CNBC's Jackie DeAngelis discusses the day's activity in the commodities markets. Crude was up again today. Traders say oil seems to be stabilizing around $60, and could hit $70 by the end of the year.» Read More
To grow, the Middle East island nation of Bahrain needs to be part of a collaborative effort with its much bigger and oil-richer neighbors, Bahrain, His Highness Shaikh Bin Hamad al Khalifa, CEO of the Bahrain Economic Development Board, told CNBC Wednesday.
This is a jobless recovery. That's the consensus among the executives and entrepreneurs here, who say improving employment is their #1 priority.
Schmidt says job creation is the most important thing the economy needs right now, particularly in the manufacturing sector. He's very frustrated at the government's slow pace in boosting employment—effectively saying it's ridculous that so much proposed legislation has to wait until after the November elections.
The future of the aviation industry has an Asian face, industry watchers say – and it is changing fast thanks to the rapid growth in passengers in the region that is creating strong demand for aircraft.
Day one delivered a raft of billion-dollar orders that will be making the headlines Tuesday and, as ever, the company hogging the limelight has been Emirates.
The CEO, Jim McNerney, stressed this needs to be "measurable" quarter-by-quarter and industry and company specific. As far as an up cycle in the market, he said, "that will take a little longer."
The public, both the American and those throughout the world, will demand greater regulation of the oil industry in light of the BP Gulf of Mexico spill, James Mulva, chairman and CEO of industry giant ConocoPhillips, told CNBC Friday.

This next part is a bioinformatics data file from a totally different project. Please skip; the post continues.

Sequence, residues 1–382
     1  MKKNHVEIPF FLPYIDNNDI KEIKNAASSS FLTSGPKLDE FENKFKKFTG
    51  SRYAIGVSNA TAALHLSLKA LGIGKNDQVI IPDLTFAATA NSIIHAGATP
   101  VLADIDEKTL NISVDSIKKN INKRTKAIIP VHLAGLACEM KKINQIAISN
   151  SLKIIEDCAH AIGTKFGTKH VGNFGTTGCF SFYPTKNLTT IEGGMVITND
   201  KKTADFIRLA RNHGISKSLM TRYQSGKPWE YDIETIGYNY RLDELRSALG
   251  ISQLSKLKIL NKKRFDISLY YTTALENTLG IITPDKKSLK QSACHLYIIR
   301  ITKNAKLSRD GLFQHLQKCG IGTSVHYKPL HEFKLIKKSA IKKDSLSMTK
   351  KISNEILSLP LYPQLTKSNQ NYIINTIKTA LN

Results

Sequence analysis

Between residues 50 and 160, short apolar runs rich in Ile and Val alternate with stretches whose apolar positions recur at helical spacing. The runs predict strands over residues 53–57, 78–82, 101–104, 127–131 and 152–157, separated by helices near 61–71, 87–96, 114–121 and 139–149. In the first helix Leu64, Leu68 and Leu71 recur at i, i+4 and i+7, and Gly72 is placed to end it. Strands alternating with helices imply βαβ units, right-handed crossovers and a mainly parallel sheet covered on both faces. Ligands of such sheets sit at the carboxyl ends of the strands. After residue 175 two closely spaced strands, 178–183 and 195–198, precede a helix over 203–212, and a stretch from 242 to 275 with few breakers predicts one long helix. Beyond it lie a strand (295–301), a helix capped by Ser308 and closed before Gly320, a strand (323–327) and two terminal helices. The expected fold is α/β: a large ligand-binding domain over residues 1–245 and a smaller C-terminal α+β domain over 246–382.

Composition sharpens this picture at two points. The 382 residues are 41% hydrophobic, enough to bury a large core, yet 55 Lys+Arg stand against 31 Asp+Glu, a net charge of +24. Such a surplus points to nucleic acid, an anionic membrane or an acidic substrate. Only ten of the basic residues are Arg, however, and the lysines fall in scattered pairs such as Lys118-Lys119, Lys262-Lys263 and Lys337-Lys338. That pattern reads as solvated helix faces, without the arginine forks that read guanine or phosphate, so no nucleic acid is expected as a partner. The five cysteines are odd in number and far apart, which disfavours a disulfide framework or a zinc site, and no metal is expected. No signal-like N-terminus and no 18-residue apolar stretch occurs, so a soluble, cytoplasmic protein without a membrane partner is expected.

With one action, Turkey now appears to be the defender of the Palestinians in Gaza, usurping the role that Iran has been trying to claim. Israel was trying to keep control of Gaza and will claim they were provoked and attacked first.
The Qatar Investment Authority, a sovereign wealth fund, has expressed interest in buying part of the U.S. Treasury's stake in Citigroup, potentially boosting efforts to sell the shares amid the global rout in banking stocks, the FT reports citing people familiar with the matter .
Long before there was MoneyGram and Western Union, people in South Asian countries often used an informal network of brokers, called an "hawala," to transfer money over long distances when it was too inconvenient or dangerous to send cash by courier.
Carthaginian peace refers to the imposition of a very brutal “peace,” or the armistice imposed on Carthage by Rome that saw the Romans systematically burn Carthage to the ground.
Amid fears over the strength of nearly every major currency, Abu Dhabi’s top hotel has come up with a new type of ATM for their most risk-averse guests. The Emirates Palace is giving those staying there to chance to withdraw gold from the world first ever gold dispenser.
Despite a fully-fledged debt crisis in Europe, the stock market continues to defy the bears to trade higher on the year.
Shipping in and around the Gulf of Mexico is business as usual, in spite of the oil spill, in this heavily trafficked area. But should the oil spill spread, higher shipping rates could result, an analyst told CNBC Monday.
Caterpillar is focusing on emerging markets for increased earnings and sales, rather than the US, outgoing CEO Jim Owens told CNBC Monday.
There is no evidence of contagion from the Greek debt debacle to other markets, but the country's woes will help push the euro down, boosting exports for some countries in the single European currency area, David Bloom, global head of foreign exchange research at HSBC, told CNBC Monday.
Israel perhaps has more to gain than anyone else from going clean and green. Right now, Israel is almost fully dependent on fossil fuels that pollute the country. Israel still gets its oil from secondary sources, because Arab nations won't sell to Israel directly.
Perhaps, you’ve been mystified, like me and the CNBC crew here in Vienna, by how a big cloud now covering much of Europe has brought us back to the Stone Age, travel-wise.
In some sense, I’m glad President Obama is opening the door to offshore oil drilling. But in the spirit of free-market deregulation, I do think that much, much more should be done in the Atlantic, the Gulf of Mexico, the Pacific, and Alaska.
What many Westerners may know about the Middle East falls far short of what the vast region has to offer investors.